To Be a More Compelling Leader in Southeast Asia, Build Your Executive Brand
A strong brand is not about being flashy or superficial; it’s about conveying what you stand for.
PHOTO CREDIT: Getty Images
You've worked hard to become a leader in your organization. But sometimes you worry that you're not effective enough at conveying what's important to you or influencing others to support your objectives.
What you need is not to put in more hours or build elaborate PowerPoint presentations; it's time to build your executive brand.
What is an executive brand? Let's start with the basics; "brand" can be defined as the characteristics that distinguish an organization, product or person from other organizations, products or people.
One person who often worries about brand is the CEO. As Karen Tiber Leland writes in The Brand Mapping Strategy, "Today's CEO has been pre-cast in the role of the company's chief brand ambassador." That means that CEOs need to build their own unique public identity that supports their company's brand.
But even if you're not the top dog, it's still valuable to work on your executive brand. As Valerie Di Maria, principal of PR and communications agency the10company, explains, "an executive brand defines who you are, what you contribute and what you want to accomplish. In this information-overloaded world, an executive brand helps you cut through the clutter and make a memorable impression."
An executive brand requires three key elements, according to Di Maria:
- Authenticity. Your brand needs to reflect who you really are and what you stand for.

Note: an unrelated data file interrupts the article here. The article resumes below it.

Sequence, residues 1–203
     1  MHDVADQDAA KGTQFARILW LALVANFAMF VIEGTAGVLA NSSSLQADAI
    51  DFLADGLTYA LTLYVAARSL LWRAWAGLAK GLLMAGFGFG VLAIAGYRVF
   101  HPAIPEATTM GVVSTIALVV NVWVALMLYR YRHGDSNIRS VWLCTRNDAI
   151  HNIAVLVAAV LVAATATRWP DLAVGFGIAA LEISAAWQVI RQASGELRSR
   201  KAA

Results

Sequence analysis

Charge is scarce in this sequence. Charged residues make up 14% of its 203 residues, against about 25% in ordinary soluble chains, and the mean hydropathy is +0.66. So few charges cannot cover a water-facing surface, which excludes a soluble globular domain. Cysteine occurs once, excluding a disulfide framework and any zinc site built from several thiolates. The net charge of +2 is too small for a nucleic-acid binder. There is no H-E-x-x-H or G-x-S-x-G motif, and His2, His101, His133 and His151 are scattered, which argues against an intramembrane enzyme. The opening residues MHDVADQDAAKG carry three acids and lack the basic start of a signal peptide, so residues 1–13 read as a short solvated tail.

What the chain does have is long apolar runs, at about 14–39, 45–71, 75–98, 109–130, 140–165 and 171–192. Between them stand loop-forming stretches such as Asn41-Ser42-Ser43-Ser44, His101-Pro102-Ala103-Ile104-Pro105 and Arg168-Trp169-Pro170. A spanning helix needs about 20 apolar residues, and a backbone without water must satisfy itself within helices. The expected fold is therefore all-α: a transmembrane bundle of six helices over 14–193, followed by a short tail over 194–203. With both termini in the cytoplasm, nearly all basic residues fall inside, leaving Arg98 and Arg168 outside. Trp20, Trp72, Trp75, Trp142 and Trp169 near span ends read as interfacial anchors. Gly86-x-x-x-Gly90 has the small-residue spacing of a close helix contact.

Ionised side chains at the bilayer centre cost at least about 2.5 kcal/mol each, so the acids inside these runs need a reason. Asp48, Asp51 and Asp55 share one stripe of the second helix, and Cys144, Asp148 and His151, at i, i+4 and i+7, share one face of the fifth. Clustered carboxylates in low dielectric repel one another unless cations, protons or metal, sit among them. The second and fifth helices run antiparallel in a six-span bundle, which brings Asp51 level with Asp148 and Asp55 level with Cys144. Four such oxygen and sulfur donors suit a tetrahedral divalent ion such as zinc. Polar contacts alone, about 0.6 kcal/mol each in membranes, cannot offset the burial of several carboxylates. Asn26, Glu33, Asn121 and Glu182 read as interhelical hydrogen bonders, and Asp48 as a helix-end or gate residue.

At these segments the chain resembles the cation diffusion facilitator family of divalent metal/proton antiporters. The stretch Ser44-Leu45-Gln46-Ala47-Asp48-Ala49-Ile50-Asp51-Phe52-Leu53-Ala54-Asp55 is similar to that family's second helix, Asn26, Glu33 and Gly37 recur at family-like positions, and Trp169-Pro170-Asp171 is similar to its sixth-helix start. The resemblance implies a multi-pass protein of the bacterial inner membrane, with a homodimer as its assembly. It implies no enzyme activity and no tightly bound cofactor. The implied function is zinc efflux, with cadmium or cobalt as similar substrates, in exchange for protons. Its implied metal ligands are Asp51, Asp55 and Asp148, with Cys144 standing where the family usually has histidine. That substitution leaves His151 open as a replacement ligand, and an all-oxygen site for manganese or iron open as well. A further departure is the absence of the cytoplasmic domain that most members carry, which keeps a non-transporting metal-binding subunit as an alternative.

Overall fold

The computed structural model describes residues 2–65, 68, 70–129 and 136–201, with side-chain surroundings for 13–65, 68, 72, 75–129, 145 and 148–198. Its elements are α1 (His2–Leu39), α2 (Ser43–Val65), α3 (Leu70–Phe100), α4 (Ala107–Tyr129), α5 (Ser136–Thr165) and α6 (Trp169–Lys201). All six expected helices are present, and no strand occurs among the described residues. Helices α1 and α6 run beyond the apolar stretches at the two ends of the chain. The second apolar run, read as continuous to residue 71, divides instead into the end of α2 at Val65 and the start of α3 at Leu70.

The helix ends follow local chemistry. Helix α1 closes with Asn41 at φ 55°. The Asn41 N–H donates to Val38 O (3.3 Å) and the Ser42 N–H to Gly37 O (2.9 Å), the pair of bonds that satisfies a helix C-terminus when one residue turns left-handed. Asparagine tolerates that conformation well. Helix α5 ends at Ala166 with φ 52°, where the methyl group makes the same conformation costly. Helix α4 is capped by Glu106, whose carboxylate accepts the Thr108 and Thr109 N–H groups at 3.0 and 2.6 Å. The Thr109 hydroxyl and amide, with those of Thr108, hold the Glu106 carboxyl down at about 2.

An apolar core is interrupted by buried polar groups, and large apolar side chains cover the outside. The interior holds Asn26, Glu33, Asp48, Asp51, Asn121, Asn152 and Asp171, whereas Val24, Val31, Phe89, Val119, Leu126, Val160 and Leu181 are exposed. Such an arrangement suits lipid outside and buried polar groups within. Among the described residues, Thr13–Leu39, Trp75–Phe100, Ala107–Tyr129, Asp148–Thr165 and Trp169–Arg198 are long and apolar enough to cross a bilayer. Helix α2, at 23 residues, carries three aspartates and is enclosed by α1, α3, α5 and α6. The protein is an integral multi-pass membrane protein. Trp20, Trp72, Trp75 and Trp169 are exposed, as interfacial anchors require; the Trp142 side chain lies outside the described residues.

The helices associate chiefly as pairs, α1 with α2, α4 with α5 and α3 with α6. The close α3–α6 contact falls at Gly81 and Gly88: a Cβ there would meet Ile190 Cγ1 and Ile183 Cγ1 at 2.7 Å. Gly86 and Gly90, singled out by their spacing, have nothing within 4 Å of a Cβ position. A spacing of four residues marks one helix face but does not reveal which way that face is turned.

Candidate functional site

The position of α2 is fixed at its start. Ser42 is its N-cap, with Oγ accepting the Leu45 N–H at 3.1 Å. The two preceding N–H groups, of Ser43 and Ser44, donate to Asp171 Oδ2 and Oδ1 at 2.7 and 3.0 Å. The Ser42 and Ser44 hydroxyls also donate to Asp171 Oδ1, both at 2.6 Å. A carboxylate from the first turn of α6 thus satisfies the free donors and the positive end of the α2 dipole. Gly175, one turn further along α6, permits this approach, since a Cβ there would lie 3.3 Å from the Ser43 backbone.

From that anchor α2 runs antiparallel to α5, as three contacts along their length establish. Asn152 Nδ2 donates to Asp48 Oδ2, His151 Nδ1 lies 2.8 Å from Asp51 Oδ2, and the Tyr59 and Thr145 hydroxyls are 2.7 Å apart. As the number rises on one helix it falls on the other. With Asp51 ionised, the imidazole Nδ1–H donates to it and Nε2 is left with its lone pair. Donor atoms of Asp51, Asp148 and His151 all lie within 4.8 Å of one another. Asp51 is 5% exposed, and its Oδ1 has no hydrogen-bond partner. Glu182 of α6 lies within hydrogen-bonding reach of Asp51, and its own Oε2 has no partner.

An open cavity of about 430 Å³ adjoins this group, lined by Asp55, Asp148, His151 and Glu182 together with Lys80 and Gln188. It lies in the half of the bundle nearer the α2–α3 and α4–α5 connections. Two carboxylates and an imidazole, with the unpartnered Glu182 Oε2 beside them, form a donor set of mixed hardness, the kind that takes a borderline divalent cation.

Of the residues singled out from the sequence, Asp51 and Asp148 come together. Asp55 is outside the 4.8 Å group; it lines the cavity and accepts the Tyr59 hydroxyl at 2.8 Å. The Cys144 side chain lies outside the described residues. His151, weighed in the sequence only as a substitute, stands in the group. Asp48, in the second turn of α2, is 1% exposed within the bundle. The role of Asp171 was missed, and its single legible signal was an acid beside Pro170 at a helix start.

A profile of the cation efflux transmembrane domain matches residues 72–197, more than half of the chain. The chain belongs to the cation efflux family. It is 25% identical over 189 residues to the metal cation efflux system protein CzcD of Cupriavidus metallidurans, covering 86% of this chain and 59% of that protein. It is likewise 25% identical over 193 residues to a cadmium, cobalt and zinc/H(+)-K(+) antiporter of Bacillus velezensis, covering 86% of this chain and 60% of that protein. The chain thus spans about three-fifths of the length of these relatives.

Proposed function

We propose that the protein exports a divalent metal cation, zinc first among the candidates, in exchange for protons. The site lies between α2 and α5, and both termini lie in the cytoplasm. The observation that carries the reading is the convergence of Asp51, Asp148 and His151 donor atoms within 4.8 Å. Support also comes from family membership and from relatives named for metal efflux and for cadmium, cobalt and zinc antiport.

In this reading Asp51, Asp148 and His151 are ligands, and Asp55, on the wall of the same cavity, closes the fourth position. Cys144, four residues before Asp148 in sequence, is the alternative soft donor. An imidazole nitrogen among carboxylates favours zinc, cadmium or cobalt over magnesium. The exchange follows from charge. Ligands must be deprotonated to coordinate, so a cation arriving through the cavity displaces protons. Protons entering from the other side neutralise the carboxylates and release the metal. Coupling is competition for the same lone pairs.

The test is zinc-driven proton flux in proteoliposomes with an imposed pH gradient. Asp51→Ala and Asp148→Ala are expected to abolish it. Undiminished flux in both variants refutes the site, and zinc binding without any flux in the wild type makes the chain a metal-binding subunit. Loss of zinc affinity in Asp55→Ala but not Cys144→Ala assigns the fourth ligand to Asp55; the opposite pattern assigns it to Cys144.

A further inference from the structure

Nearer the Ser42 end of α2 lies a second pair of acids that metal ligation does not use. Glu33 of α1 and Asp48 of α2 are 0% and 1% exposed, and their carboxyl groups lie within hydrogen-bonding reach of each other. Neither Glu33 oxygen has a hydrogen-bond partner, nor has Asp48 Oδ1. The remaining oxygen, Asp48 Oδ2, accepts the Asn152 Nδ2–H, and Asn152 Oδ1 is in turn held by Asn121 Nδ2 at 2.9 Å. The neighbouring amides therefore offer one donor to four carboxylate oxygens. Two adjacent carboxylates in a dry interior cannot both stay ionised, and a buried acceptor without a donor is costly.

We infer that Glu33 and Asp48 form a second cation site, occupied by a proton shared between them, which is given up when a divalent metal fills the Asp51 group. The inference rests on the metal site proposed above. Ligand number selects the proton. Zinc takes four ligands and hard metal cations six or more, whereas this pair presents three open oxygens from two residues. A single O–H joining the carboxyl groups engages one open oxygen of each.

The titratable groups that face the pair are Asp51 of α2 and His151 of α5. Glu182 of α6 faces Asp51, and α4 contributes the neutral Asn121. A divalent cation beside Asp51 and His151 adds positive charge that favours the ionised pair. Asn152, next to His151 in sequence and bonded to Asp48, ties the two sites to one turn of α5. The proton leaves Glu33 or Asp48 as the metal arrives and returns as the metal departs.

- Distinction. Your brand needs to be different from that of other executives. Di Maria often works closely with leadership teams to develop each member's brand. Although there are some common attributes--after all, leaders all work for the same company--there are always key differences.
- Credibility. You may aspire to be wildly creative or incredibly charismatic. But your brand has to be rooted in reality. After all, your brand is proven by how you act every day.
Di Maria notes that while executives often think about brand primarily in terms of their external image, a brand has as much value in strengthening how you work inside your organization. "Understanding your brand makes you a more effective leader of people," she says, "because it creates focus for the story you tell every time you communicate."
Once you decide that an executive brand is important, how do you build yours? Di Maria's firm follows a multi-step process, which can include:
- Use 360-degree feedback to gather insights from your boss, colleagues and team members about how they perceive you.
- Develop a brand statement--a short description that captures your contribution and goals. Your statement should articulate the unique contribution you bring to your professional role.
- Build a communication approach to convey your brand story. This can include internal forums--like town hall meetings and video interviews--and external venues--like speaking engagements and authored articles.
- Decide how to use social media to increase your visibility. Platforms like LinkedIn are essential to expressing your brand and articulating your thought leadership.
- Use your brand as a platform for building relationships. A leader who is conscious of his/her brand also makes an effort to build his/her network. "You meet people every day who can support your short-term efforts--and help you succeed in the future," says Di Maria. "So you need to continually tell your story."
- Make a long-term commitment to nurture your brand--and revisit it periodically. Obviously, you want to be consistent, but you also need to be flexible. If your role changes, your brand may need subtle refinements so that it continues to express who you are.
"An executive brand is really not different from creating a brand promise for a product or service," says Di Maria. "Developing--and delivering on--your executive brand will communicate the unique value you bring in a consistent and memorable way."